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On Common Ground

Villard Square Library Opens

Oct. 16, 2011
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There was much to march and cheer about on Oct.15, when a parade came drumming up Villard Avenue to celebrate the grand opening of the Villard Square Library, 5190 N. 35th St. A sparkling package assembled from various financial sources, above the first floor library are three stories of apartment homes waiting to be leased by grandparents who are the primary caregivers. A neighborly world unto itself, the library was packed for the opening, and so it's fitting that Browser The Library Lion circulated. Our mayor stood nearby.

Designed by local folks for
local folks, two local artists (Paul Kjelland and Nicolas Lampert), rose to the top in a competition heavy on community meetings and extensive input. Those who believe art hung in libraries is little more than “wall paper” will find the art is welcoming, informative and relevant to the building. Kjelland helped renovate the Riverwest Public House (a cooperative effort), and he volunteers on occasion to pour a few. That said, he's an artist, interior designer, and a photographer who put his skills to good use in the Villard project. Lampert is a local celeb of sorts, what with his 10-foot rotisserie chicken seen now and then around town, but he's also heavy into collage and art-as-social statement.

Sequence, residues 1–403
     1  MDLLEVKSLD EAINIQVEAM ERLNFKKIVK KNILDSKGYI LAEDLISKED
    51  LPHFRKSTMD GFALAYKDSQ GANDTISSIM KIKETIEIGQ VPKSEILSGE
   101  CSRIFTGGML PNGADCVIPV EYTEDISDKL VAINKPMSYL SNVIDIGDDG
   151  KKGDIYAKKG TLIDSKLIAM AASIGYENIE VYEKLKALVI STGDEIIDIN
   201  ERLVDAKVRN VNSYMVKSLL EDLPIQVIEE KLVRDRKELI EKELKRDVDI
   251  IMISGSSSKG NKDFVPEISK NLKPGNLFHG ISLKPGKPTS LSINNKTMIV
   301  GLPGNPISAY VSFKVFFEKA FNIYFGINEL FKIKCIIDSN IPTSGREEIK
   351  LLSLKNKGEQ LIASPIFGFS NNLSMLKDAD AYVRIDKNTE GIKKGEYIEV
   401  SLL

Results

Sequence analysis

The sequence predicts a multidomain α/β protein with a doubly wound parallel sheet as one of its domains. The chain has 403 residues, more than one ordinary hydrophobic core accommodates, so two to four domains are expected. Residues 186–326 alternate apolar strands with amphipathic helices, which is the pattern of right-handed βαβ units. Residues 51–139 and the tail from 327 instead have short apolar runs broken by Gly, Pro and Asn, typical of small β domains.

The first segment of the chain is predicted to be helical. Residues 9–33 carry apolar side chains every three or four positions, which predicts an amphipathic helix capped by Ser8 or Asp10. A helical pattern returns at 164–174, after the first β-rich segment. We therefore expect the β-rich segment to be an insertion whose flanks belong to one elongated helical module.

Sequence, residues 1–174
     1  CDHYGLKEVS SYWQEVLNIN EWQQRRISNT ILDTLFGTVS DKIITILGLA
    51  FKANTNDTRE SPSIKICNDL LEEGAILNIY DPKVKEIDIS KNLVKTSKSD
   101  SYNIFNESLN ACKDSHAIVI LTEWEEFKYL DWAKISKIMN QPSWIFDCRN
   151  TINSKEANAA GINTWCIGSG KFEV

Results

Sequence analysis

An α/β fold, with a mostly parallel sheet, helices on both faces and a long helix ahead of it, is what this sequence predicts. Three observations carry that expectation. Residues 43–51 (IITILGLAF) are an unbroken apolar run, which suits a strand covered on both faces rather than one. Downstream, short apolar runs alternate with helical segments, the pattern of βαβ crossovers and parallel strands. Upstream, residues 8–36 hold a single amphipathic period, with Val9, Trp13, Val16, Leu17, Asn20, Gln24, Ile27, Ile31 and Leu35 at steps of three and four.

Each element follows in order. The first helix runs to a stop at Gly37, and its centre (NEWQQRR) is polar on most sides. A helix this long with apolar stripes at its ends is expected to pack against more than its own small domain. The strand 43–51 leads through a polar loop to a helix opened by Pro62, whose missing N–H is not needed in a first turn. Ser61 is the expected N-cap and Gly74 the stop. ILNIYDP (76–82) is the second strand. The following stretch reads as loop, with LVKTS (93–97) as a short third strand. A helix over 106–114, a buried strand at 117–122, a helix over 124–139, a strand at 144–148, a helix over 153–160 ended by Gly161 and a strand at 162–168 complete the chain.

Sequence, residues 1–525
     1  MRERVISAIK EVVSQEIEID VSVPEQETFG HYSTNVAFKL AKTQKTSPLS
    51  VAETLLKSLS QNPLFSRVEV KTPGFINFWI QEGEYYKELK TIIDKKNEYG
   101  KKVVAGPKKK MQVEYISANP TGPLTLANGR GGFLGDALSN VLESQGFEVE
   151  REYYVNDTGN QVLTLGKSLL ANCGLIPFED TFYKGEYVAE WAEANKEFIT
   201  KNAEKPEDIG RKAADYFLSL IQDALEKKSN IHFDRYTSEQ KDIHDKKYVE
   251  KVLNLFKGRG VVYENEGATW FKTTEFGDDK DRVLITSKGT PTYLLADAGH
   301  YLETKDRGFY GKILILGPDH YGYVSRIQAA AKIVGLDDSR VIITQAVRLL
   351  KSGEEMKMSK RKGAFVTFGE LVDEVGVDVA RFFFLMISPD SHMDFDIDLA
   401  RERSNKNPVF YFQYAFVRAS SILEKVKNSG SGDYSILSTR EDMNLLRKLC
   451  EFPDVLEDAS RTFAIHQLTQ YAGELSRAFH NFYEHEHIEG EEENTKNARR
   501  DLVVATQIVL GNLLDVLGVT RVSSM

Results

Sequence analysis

For this project, they listened, learned and earned the Villard Square public art assignment, the fee for which was equally split by the Milwaukee Arts Board and the Friends of the Library. Generous in their praise of those who suggested, requested, and brought everything into play, the two worked right up until the Oct. 15 parade. It's notable that they decided not to sign their work. Their decision was the right one. The focus remains on community and not on the duo per se. None of their work shouts. It's perfect.

At a long table set again a north wall of glass, sit three young volunteers: Peter, Squeaky and Calvin, in charge of cookies, apples and cider. Squeaky is eager to say that the library makes it easy to find things, and Calvin observes it is “very modern.” Peter jumps in with “my grandmother used to go to the old library,” east on the street where the parade began at 3310 W.Villard Avenue.

The building's shell was designed and built by Gorman, with interior design by Engberg Anderson, and what they've accomplished is terrific. With curves galore, window seats
plumped with upholstery, funky chairs and a see-through gas fireplace (the only fireplace in our library system), it's where most neighbors and visitors are going to want to be. High-efficiency lights point to sections for young readers, a section set with a round slate-blue table punctuated with cushy poufs in M&M hues. Computers wink and blink. Two visitors signed on to Facebook. I passed a shelf marked “Folk & Fairytales.”

A chap from Atlanta, wearing a “Bibliotheca 
ITG” shirt, ws here for the event. He came to make sure the automated material handling unit (a book sorter), is functioning properly. It uses chip technology to track what's taken out and what's returned.

In a small room at the south end of the library, on the wall, is a 1960s sculpture made of metal and wood. Moved from the old library, the horizontal and vertical elements (arranged in a modernist mode), link past to present to future.


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